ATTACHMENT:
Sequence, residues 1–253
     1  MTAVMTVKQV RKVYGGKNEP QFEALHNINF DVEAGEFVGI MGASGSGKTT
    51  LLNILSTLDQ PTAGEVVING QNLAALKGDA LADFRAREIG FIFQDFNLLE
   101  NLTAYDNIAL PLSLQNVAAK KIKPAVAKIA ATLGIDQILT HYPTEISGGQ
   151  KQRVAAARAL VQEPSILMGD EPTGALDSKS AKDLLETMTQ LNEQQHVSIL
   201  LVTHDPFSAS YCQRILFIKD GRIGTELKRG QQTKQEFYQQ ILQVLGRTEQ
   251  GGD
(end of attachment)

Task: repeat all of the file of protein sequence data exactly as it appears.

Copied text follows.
Sequence, residues 1–253
     1  MTAVMTVKQV RKVYGGKNEP QFEALHNINF DVEAGEFVGI MGASGSGKTT
    51  LLNILSTLDQ PTAGEVVING QNLAALKGDA LADFRAREIG FIFQDFNLLE
   101  NLTAYDNIAL PLSLQNVAAK KIKPAVAKIA ATLGIDQILT HYPTEISGGQ
   151  KQRVAAARAL VQEPSILMGD EPTGALDSKS AKDLLETMTQ LNEQQHVSIL
   201  LVTHDPFSAS YCQRILFIKD GRIGTELKRG QQTKQEFYQQ ILQVLGRTEQ
   251  GGD